Many “sanctuaries” have sprung up to take advantage of tourist interest, and will claim they are ethical but if they allow riding, performance, or breeding, this is definitely not the case. Elephant Nature Park encourage and help other local elephant tourism organisations to switch to an ethical model, where elephants are no longer ridden and tourists can interact with them in a positive way.
Chiang Mai Hotels
Where to Stay in Chiang Mai
- Many tourists choose to stay within the Old Town, inside the boundaries of the square – within reach of many of the old temples and ruins of Chiang Mai plus lots of cafes, casual restaurants and street food options. The area used to be considered as best for backpackers but many boutique hotels have sprung up recently offering accommodation of a higher standard.
- Just to the east is the Old City, clustered around Tha Phae Gate, good for both shopping and eating.
- Further to the east is the Night Bazaar area which is busy and buzzy and best for night life. There is a good mix of hotels to suit different budgets.
- Farther out along the Riverside you’ll find many more spacious and luxurious resorts, though there are some less expensive options too. It’s great for a quieter, more peaceful stay.
- Also worth considering is the large area collectively referred to as “mountainside” – to the west of the Old City, in the direction of Doi Inthanon National Park, one of the neighbourhoods here is Nimman Road, where Chiang Mai university is located and popular for student digs.
Suggested Chiang Mai Hotels
We stayed in and recommend Rich Lanna House which has a great location on the Northern edge of the old city, close to Chang Puak Gate. The spacious and beautifully decorated rooms are good value, and the hotel has a small but lovely pool in which to cool off on a hot day.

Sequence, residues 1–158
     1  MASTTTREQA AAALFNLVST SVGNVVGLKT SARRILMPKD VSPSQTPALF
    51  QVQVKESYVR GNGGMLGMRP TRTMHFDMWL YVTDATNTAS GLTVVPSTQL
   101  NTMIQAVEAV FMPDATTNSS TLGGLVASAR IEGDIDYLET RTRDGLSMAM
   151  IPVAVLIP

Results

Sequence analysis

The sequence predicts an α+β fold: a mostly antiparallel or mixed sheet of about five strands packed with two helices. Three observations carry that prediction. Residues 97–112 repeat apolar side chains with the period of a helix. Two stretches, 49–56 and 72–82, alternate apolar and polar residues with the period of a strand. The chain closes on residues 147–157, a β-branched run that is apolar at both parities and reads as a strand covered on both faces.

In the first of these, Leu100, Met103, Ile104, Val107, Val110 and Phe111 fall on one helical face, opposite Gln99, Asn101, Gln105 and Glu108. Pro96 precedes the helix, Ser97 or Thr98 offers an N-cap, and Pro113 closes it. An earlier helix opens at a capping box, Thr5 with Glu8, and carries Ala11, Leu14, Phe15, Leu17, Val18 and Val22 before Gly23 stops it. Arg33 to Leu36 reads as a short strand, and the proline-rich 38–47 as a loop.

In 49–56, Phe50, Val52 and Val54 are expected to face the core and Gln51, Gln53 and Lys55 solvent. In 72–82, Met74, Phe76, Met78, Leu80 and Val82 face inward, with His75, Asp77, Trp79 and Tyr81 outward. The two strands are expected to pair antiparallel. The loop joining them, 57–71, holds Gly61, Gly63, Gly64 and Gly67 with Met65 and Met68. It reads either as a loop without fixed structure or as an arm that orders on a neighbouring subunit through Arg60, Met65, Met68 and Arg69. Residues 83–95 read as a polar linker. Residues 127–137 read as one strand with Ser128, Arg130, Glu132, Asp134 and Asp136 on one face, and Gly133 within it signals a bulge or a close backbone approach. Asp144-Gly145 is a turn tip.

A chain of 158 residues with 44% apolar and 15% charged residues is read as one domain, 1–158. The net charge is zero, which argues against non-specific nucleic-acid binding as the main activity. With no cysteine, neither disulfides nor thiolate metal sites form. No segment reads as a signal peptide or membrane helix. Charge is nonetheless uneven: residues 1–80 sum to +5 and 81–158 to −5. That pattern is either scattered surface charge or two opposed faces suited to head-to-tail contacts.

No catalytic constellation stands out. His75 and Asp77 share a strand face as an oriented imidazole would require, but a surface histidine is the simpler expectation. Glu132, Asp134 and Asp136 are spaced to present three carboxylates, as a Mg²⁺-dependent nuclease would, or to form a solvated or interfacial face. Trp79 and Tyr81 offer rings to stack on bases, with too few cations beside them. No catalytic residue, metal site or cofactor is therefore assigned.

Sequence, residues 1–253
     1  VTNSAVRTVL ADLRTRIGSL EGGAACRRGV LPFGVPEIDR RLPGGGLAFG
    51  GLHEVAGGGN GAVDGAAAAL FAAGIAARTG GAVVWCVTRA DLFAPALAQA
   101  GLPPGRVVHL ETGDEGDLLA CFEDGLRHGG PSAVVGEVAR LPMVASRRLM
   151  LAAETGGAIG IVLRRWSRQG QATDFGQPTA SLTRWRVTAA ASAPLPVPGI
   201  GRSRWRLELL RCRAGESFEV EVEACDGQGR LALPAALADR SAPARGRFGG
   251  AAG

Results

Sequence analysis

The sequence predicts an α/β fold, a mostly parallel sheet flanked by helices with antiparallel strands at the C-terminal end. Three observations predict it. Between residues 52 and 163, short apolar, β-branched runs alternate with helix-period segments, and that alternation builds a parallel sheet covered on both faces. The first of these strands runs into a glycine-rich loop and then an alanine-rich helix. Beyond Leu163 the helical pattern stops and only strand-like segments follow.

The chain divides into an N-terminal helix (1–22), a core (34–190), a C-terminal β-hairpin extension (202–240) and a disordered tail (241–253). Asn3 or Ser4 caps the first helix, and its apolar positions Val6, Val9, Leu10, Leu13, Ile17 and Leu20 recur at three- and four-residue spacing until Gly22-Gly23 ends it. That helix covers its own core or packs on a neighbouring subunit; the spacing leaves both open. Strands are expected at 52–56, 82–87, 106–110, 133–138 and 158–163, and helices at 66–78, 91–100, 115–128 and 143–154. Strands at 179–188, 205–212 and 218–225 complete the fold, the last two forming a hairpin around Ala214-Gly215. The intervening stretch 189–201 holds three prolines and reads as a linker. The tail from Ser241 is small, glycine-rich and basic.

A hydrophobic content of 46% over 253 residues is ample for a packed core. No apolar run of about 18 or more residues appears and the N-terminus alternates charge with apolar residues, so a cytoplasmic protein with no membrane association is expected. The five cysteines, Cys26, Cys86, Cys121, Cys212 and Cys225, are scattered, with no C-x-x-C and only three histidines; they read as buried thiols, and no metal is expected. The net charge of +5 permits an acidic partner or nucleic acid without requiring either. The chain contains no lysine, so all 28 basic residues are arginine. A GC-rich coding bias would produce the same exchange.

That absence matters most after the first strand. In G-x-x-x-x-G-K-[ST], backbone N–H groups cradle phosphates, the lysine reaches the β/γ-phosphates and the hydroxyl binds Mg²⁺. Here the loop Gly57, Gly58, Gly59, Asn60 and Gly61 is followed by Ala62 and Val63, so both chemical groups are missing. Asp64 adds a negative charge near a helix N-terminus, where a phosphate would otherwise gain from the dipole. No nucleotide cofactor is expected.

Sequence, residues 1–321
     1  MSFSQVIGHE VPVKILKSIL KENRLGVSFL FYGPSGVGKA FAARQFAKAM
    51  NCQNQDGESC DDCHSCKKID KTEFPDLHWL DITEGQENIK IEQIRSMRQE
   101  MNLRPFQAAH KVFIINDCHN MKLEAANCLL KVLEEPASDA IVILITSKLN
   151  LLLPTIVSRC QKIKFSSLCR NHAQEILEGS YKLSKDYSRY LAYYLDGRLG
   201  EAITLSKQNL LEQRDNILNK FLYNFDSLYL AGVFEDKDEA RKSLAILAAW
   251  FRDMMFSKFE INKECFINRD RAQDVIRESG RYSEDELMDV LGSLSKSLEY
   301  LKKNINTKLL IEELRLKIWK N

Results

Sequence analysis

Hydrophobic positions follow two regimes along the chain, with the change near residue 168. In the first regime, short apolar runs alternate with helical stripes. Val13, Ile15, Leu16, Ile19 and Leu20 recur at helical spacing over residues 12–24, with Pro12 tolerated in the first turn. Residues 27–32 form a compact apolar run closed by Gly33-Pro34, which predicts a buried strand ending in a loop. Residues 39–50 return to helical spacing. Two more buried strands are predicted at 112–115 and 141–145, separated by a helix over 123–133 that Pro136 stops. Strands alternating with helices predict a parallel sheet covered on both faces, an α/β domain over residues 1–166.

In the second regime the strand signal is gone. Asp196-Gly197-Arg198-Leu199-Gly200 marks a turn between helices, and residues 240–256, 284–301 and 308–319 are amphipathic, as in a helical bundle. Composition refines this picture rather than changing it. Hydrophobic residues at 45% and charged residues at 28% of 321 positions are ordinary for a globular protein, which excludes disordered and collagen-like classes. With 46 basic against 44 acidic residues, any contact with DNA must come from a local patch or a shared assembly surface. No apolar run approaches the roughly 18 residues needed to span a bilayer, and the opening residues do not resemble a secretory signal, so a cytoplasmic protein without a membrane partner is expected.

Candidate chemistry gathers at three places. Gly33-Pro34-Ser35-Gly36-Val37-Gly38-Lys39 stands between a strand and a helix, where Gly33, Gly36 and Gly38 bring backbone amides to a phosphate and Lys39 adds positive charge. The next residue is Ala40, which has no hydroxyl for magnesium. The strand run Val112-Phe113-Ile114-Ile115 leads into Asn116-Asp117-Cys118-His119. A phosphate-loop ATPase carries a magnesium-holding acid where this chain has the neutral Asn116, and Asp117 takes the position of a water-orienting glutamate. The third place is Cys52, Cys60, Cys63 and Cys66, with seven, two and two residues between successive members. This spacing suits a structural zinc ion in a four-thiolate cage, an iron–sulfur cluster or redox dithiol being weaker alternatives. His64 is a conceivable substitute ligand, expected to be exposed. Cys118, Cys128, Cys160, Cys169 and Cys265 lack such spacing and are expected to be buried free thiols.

We also considered:
- Rachamankha (Secret Retreats) is in the old town, not far from the Western boundary and offers luxurious rooms, beautiful public spaces, a pool and pool spa, and an onsite restaurant serving both Asian and western cuisine.
- Pingviman Hotel is also in the old town, just by Saen Pung Gate along the Southern boundary, a short walk to the Saturday Walking Market. Rooms are decorated in an attractive Northern-Thai style with polished wooden floors and ornately carved wooden furniture, and all have jacuzzi spa bathtubs. There’s a pool and onsite restaurant.
- Nidhra Lanna is on the Western boundary of old town, not far from Tha Pae Gate. It’s a well-priced boutique hotel with huge rooms featuring roll-top baths.
- Rachamankha Thai Villa gives you the freedom of a spacious villa at a great value price. It’s well-located within the western boundary of the old town, and offers complimentary airport pick up.
A Three Week Itinerary For Touring Thailand
We visited Chiang Mai as part of an independent holiday, which we organised and booked ourselves. Check out our comprehensive three week Thailand itinerary, including tips on sightseeing, hotels, food and transport.